GOP Senators introduce Employee Rights Act

Senator Orrin Hatch (R-UT), the senior Republican in the United States Senate and a member and former Chairman of the Senate Health, Education, Labor and Pensions (HELP) Committee, introduced the Employee Rights Act in the United States Senate.

In introducing this legislation, Senator Hatch was joined by HELP Committee Chairman Lamar Alexander (R-TN) and Senators James Risch (R-ID), John Cornyn (R-TX), Johnny Isakson (R-GA), Ted Cruz (R-TX), Pat Roberts (R-KS), Todd Young (R-IN), James Lankford (R-OK), Tim Scott (R-SC), Dean Heller (R-NV), Marco Rubio (R-FL), Richard Shelby (R-AL), David Perdue (R-GA), and Ben Sasse (R-NE).

“Anyone whose real concern is preserving the rights of individual workers should support the Employee Rights Act, which addresses many issues plaguing Americans in the workplace,”Senator Hatch said. “This comprehensive workers’ rights bill does not include a single provision that empowers employers at the expense of unions. The only parties whose position will be improved by this legislation are employees. The Employee Rights Act is not a Democrat or Republican issue—it is simply a commonsense solution to champion workers’ rights and strengthen our economy.”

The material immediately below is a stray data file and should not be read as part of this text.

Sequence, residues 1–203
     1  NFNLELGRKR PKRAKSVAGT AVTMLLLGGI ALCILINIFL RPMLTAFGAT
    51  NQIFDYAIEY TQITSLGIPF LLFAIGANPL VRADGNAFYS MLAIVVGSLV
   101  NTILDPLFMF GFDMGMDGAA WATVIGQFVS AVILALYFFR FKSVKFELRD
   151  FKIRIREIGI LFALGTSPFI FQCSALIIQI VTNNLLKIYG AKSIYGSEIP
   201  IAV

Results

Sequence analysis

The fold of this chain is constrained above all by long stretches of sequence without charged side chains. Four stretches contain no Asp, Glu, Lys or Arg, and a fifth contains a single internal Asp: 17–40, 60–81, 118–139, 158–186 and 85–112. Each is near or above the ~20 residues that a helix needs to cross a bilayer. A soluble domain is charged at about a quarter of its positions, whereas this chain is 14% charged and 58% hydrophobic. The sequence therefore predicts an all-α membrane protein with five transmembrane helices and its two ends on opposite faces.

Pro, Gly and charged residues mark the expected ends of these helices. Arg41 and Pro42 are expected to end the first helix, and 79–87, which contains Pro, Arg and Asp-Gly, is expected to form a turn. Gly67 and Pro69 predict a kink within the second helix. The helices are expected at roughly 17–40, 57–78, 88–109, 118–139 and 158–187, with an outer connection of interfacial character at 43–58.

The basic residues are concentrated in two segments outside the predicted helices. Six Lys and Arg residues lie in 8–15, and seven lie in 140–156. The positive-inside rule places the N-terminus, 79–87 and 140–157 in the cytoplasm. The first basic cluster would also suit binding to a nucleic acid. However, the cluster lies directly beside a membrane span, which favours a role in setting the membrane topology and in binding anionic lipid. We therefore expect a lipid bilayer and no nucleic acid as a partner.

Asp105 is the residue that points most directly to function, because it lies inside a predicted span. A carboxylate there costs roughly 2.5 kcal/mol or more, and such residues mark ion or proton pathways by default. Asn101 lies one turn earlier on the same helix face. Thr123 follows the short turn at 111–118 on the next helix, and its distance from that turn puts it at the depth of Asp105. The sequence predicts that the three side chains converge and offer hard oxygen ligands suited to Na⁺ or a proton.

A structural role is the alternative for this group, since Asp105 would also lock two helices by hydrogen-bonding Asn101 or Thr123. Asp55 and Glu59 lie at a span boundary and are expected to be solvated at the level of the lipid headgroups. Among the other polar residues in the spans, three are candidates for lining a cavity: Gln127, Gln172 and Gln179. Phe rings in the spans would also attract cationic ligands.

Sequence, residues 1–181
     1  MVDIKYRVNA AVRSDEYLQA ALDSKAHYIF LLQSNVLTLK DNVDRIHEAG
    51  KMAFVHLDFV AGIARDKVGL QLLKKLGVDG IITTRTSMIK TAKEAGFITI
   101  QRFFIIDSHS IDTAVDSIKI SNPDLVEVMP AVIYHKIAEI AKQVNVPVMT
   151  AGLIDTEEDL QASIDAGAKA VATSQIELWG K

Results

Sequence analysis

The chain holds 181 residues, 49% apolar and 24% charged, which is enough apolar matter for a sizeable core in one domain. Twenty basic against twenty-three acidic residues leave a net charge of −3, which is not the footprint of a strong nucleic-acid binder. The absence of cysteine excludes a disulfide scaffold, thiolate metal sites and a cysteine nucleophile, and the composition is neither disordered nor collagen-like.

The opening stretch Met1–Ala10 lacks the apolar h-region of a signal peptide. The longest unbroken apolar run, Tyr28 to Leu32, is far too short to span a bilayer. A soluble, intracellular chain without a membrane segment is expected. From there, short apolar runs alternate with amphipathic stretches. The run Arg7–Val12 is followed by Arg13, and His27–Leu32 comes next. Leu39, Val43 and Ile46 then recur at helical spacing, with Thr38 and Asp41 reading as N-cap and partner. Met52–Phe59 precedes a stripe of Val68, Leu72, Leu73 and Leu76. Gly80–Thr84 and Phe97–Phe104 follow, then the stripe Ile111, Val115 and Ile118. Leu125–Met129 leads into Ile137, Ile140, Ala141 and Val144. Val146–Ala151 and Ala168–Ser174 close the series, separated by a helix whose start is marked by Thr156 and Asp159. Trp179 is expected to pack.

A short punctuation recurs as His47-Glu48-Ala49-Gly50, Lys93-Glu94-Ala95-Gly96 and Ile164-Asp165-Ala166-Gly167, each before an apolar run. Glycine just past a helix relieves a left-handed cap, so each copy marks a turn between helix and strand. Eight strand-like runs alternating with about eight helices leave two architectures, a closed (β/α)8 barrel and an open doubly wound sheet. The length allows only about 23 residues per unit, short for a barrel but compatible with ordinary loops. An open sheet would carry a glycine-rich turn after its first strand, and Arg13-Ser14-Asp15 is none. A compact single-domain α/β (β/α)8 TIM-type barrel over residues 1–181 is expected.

“I’m glad to join Senator Hatch on this legislation to enact commonsense changes to current labor law to restore and protect the rights of workers in Tennessee and throughout the country,” Senator Alexander said. “The Employee Rights Act guarantees employees the right to a secret ballot election when deciding whether to join a labor union. The bill will also roll back harmful actions taken by the Obama administration that threaten the rights of workers, such as the ambush elections rule, which forces union elections before many employees know what is going on. The rule also harms workers’ privacy by providing union organizers with employees’ information like their cell phone number and work schedules, even if they’ve chosen to reject the union.”


Key provisions:

  • Provides paycheck protection, requiring unions to get “opt in” approval before dues can be used for purposes other than collective bargaining, ensuring that workers are not compelled to fund causes they do not support.
  • Eliminates “card check” methods and protects personal liberty by requiring secret ballots for votes on whether to unionize or to strike.
  • Gives employees the right to opt out of having their personal information shared with a union during an organizing campaign.
  • Negates the recent NLRB “ambush election” rule. By overruling this action, the Employee Rights Act fosters information sharing between workers and employers that is necessary for employees to weigh the pros and cons of unionization.
  • Requires union recertification to ensure that unions still have the support from their members after significant turnover in the workforce.